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Street Sweep - Fortune Finance: Hedge Funds, Markets, Mergers & Acquisitions, Private Equity, Venture Capital, Wall Street, Washington Apparently Bernie Madoff wasn't the only bad apple at Nasdaq. In the latest shining moment for the U.S. stock exchanges, the Securities and Exchange Commission on Thursday charged Donald Johnson, a former Nasdaq managing director, with ripping off investors to the tune of $755,000 by insider trading ahead of the release of corporate press releases. Johnson, you will be impressed to learn, was in charge through October 2009 of the Nasdaq's "market intelligence" desk, which is surely a misnomer but seems in any case to have afforded him with a lot of info he used to trade profitably on outfits like United Therapeutics ( UTHR ). Fearless leader The SEC has come under heavy fire in recent years for its failure to nab Madoff, a three-term Nasdaq chairman in the 1990s, before he frittered away $20 billion in the biggest-ever Ponzi scheme. But the agency is doggedly trying to restore its good name by putting really catchy quotes in its press releases, an effort that was much in evidence Thursday.
Megan McArdle - Authors
Personal Finance News & Latest Personal Finance Headlines - DailyFinance.com Personal Finance 8 Tips for Protecting Your Finances Before You Move In With Someone by Business Insider Mar 28th 2013 10:00AM Sad fact: Many couples who move in together split up. Life coach Michele Callahan offers tips on choices you can make at the start that'll make move-out day much easier. 5 Best Apps to Help You Invest Smarter
One of the most famous and funny Monty Python skits is the “Four Yorkshiremen. ” Four cigar-smoking, tux-wearing swells recount their childhood and try to top each other with stories of hardship. One says he used to live in a single room with 26 others. “Eh, you were lucky to have a room! The Wealth Report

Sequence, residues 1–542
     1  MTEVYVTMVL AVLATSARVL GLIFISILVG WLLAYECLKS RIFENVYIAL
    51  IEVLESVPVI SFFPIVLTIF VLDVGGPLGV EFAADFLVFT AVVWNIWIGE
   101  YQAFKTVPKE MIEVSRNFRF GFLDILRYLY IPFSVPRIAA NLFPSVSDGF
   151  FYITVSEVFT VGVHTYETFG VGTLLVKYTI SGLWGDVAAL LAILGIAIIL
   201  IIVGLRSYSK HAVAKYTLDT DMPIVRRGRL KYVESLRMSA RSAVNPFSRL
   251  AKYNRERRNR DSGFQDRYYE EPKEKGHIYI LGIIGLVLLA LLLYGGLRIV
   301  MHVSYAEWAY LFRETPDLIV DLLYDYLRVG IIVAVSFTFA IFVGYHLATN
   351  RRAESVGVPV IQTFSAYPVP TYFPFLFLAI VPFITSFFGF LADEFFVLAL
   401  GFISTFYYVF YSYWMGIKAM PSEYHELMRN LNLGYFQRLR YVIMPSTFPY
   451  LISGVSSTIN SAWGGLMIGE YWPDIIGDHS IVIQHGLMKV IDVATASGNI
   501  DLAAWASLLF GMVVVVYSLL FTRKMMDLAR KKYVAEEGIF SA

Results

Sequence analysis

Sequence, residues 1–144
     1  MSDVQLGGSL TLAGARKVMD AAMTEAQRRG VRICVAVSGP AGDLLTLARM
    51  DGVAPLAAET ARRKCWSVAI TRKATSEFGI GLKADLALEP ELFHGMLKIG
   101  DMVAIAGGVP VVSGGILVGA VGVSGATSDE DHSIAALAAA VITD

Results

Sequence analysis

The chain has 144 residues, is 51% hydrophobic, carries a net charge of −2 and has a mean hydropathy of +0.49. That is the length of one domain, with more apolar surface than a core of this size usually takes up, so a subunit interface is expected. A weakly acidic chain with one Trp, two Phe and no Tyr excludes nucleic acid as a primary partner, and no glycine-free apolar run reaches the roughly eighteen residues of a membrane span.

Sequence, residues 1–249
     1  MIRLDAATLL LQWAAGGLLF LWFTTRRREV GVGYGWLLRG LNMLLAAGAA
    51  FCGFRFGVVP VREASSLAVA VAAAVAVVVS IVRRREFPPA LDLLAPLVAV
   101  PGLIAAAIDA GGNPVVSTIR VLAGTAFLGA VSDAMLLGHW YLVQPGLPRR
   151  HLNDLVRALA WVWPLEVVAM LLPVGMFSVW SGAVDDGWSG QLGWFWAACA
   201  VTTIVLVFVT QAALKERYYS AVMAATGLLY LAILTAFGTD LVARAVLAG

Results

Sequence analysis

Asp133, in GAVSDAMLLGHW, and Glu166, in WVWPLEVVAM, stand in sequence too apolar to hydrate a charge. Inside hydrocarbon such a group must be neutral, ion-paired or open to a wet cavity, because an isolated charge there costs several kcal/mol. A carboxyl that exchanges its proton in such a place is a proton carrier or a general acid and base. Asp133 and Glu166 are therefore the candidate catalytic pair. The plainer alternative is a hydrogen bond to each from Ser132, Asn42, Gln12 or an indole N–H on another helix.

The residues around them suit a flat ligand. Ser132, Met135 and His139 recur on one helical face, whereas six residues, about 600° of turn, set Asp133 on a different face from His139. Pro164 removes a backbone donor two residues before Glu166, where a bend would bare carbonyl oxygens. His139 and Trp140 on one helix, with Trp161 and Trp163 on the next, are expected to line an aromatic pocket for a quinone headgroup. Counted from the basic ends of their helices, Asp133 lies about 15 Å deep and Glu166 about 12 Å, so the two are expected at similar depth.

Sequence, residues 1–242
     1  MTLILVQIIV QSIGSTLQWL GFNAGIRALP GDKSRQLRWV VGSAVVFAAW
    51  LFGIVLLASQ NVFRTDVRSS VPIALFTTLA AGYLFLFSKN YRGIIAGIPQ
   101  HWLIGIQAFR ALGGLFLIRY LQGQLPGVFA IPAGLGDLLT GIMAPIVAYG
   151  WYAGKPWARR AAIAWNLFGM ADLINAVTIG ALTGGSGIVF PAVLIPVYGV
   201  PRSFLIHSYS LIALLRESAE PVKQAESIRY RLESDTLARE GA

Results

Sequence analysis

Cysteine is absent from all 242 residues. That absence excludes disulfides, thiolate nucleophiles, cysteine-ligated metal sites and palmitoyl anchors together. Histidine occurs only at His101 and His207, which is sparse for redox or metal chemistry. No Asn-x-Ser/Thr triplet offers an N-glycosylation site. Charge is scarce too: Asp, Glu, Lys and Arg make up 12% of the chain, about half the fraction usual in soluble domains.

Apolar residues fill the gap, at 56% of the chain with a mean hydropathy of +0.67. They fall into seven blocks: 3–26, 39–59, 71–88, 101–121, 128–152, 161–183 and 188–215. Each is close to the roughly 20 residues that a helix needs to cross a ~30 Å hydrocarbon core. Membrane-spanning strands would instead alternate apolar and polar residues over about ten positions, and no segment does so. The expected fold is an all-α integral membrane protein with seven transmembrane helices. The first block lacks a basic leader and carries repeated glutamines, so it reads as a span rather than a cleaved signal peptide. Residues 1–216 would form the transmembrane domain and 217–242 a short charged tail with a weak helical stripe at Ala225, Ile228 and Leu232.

284,000: Number of American college graduates working in minimum-wage jobs in 2012. The Wall Street Journal this week reported on the troubling trend of college graduates getting stuck in low-skilled jobs, a problem that new research suggests may endure even after the economy improves. As the story noted, college graduates tend to earn more than their less-educated coworkers, even within the same field.
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Paul Kedrosky: Financial & Technology Expert
If a gaffe is what happens when a politician accidentally tells the truth, what’s the word for when a politician deliberately tells the truth? Dutch finance minister Jeroen Dijsselbloem, the current head of the Eurogroup, held a formal, on-the-record joint interview with Reuters and the FT today, saying that the messy and chaotic Cyprus solution is a model for future bailouts. Those comments are now being walked back , because it’s generally not a good idea for high-ranking policymakers to say the kind of things which could precipitate bank runs across much of the Eurozone. But that doesn’t mean Dijsselbloem’s initial comments weren’t true; indeed, it’s notable that no one’s denying them outright. Dijsselbloem’s interview can be summed up simply: we’re not bailing out banks any more.
Europe’s economic situation is viewed with far less concern than was the case six, 12 or 18 months ago. Policymakers in Europe far prefer engaging the United States on a possible trade and investment agreement to more discussion on financial stability and growth. However, misplaced confidence can be dangerous if it reduces pressure for necessary policy adjustments. There is a striking difference between financial crises in memory and as they actually play out. In memory, they are a concatenation of disasters. Lawrence Summers
The Grumpy Economist
Division of Labour